module.exports = (mongodb, mongoConfig) => {
  var dbReady = new Promise((resolve, reject) => {
    mongodb.MongoClient.connect(mongoConfig.url, (err, db) => {
      if (err) throw err;
      resolve(db);
    });
  });
  
  return {
    insert: (record, callback) => {
      dbReady.then(() => {
        db.collection('users').insert(record, callback);
      });
    },
    update: (criteria, record, callback) => {
      dbReady.then(() => {
        db.collection('users').update(criteria, record, callback);
      });
    }
  };
};
module.exports.$vaccinations = ['mongodb', './mongo-config'];
 
// modules/mongo-config.js
module.exports = {
  url: 'mongodb://localhost:27017/myproject'
};
 
// tests/models/user.js
const vaccinate = require('vaccinate');
vaccinate.defaults.moduleDir = [__dirname + '/../mocks', __dirname + '/../../modules'];
const User = vaccinate(require('./models/user'));
 
describe('User', () => {
  describe('#save', () => {
    it('calls `insert` on the dbCollection when the user does not have an id', () => {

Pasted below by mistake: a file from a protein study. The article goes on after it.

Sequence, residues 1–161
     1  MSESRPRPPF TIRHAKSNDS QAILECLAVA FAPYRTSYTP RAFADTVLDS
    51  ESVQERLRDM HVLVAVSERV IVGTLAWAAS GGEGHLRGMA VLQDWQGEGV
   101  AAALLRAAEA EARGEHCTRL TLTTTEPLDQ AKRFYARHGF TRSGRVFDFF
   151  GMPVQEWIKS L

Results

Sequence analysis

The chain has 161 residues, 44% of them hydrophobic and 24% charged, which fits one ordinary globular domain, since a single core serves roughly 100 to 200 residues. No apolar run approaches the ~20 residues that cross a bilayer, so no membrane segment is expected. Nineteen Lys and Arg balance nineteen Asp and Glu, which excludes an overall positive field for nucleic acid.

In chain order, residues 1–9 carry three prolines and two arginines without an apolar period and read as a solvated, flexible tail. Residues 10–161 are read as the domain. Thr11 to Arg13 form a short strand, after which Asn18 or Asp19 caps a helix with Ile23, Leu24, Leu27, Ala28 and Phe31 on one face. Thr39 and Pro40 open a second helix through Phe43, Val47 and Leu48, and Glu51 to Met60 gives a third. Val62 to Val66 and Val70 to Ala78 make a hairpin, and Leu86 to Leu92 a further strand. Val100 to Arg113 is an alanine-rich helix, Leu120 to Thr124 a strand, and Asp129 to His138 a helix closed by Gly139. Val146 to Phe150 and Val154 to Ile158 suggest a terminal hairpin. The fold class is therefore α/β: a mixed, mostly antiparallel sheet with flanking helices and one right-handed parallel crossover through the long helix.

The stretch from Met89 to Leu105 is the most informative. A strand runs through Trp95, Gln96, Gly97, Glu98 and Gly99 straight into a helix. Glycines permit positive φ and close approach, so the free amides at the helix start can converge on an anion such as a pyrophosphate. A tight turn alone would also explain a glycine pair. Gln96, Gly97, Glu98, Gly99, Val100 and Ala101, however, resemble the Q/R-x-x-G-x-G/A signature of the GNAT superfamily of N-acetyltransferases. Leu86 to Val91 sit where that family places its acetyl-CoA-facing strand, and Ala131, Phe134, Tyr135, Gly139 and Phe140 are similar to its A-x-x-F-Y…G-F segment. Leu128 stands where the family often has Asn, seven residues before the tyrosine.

var user = new User({});
      var spy = sinon.spy(user.getDbConnection(), 'insert');
      user.save(() => {});
      spy.called.should.equal.true;
    });
    
    it('calls `update` on the dbCollection when the user does have an id', () => {
      var user = new User({id: 1});
      var spy = sinon.spy(user.getDbConnection(), 'update');
      user.save(() => {});
      spy.called.should.equal.true;
    });
  });
});
 
// tests/mocks/db-connection.js
var id = 0;
module.exports = {
  insert: (data, callback) => {
    setTimeout(() => {
      data.id = ++id;
    }, 0);
  },
  update: (data, callback) => {
    setTimeout(callback, 0);
  }
};

Testing

Vaccinate has a suite of Mocha tests in the test/ directory. Run the tests by installing Vaccinate with its dev dependencies and then running npm test.

Todos

  • Remove dependency of Lodash -- we only need _.defaults and _.startsWith
  • Rewrite ES6 in ES5 to be compatible with older versions of Node.js

install

npm i vaccinate

Downloadsweekly downloads

7

version

1.1.0

license

MIT

homepage

github.com

repository

Gitgithub

last publish

collaborators